Explaining the Nitration of Benzene
This page guides you through the mechanism for the nitration of benzene involving an electrophilic substitution reaction between benzene and nitric acid.
Important! It would help if you first read the page What is electrophilic substitution? before you went on.
The Electrophilic Substitution Reaction Between Benzene and Nitric acid
The Formation of the Electrophile
If you are going to substitute an -NO2 group into the ring, then the electrophile must be NO2+. This is called the "nitronium ion" or the "nitryl cation", and is formed by reaction between the nitric acid and sulfuric acid.
Note: If you don't understand why the electrophile has got to be NO2+, then you really should look at What is electrophilic substitution? before you go on.
If you are going to substitute X onto the ring, then the electrophile must be X+. If you are going to insert an -NO2 group onto the ring, then the electrophile must be NO2+.
Important! Check past exam papers to see whether you will need to quote this equation in an exam. It's probable that you will, so learn it! There are ways of building it up, but they involve much more effort than learning it in the first place.
The hydrogensulfate ion, HSO4-, will also be involved in the mechanism. The hydroxonium ion, H3O+, isn't involved.
Note: The hydroxonium ion (also called the hydronium ion or oxonium ion) is simply a hydrogen ion attached to a water molecule – what is often written more simply as H+(aq).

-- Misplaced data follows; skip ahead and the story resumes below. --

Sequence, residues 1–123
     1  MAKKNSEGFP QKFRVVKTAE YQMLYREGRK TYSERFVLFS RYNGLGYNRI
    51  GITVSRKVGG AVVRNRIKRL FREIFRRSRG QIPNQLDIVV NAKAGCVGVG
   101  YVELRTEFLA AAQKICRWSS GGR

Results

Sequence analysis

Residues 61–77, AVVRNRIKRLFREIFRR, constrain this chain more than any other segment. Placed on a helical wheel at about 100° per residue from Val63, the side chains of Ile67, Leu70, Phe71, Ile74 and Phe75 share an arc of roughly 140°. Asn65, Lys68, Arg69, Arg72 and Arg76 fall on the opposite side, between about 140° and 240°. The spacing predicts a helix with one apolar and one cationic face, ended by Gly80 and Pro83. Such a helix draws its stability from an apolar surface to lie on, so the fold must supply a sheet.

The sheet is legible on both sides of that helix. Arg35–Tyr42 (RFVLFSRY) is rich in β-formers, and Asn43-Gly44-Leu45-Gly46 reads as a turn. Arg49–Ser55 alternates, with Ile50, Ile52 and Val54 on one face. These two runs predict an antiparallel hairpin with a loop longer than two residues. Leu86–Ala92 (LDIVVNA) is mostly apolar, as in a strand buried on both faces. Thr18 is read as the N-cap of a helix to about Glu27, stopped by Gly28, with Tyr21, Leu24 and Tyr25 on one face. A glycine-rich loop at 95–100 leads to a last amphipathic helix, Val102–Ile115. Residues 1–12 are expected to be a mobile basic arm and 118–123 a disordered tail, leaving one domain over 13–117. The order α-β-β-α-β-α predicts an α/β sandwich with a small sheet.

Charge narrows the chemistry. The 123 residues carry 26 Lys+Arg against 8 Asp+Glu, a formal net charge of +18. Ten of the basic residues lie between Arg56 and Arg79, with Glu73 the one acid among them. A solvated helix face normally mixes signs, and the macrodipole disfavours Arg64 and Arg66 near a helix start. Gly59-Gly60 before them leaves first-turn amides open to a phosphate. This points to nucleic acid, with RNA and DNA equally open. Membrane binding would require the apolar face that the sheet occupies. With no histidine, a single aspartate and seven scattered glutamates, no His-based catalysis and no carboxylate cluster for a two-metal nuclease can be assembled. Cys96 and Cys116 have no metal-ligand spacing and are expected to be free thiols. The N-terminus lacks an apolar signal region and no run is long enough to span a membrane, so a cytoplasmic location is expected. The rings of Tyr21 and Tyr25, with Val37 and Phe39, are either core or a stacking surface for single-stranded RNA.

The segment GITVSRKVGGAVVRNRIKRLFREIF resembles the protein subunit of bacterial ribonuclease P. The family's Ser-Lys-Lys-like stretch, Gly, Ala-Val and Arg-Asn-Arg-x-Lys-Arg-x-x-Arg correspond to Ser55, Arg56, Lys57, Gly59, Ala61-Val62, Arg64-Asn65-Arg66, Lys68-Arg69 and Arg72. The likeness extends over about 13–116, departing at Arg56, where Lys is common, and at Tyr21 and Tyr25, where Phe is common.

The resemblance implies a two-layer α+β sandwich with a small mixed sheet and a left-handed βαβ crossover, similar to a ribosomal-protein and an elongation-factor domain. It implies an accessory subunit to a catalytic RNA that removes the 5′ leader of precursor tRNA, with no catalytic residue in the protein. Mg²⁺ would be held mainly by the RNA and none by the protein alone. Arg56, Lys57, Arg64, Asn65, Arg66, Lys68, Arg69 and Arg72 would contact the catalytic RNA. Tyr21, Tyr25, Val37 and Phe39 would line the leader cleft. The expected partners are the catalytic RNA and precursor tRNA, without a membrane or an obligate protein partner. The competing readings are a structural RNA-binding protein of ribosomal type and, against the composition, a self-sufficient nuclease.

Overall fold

The Electrophilic Substitution Mechanism
As the NO2+ ion approaches the delocalised electrons in the benzene, those electrons are strongly attracted towards the positive charge.
Two electrons from the delocalised system are used to form a new bond with the NO2+ ion. Because those two electrons aren't a part of the delocalised system any longer, the delocalisation is partly broken, and in the process the ring gains a positive charge.
The hydrogen shown on the ring is the one which was already attached to that top carbon atom – it's nothing new or subtle! We need to show it there because it has to be removed in the second stage.
The second stage involves a hydrogensulfate ion, HSO4-, which was produced at the same time as the NO2+ ion (refer back to the equation showing the formation of the electrophile if you've forgotten).
Note: Only one of the lone pairs in the hydrogensulfate ion is shown. There are lots more, but those aren't involved in the reaction.
This removes a hydrogen from the ring to form sulfuric acid – the catalyst has therefore been regenerated. The electrons which originally joined the hydrogen to the ring are now used to re-establish the delocalised system.
Stage two – a sloppy way of writing the same thing!
You will often find the second stage of this reaction simplified in many (or even most!) books. The second stage is shown as:
The hydrogen is shown as "falling off" the ring as a hydrogen ion. This is sloppy and unsatisfactory on two counts:
- Hydrogen ions never exist on their own in a chemical reaction. A hydrogen ion is a raw proton – the most intensely positive thing you can imagine. It will always be attached to something else.
- By not showing the hydrogensulfate ion, you can't show that the sulfuric acid catalyst has been regenerated. That's simply unsatisfying!
Showing exactly how the hydrogen is removed from the ring isn't difficult – do it properly!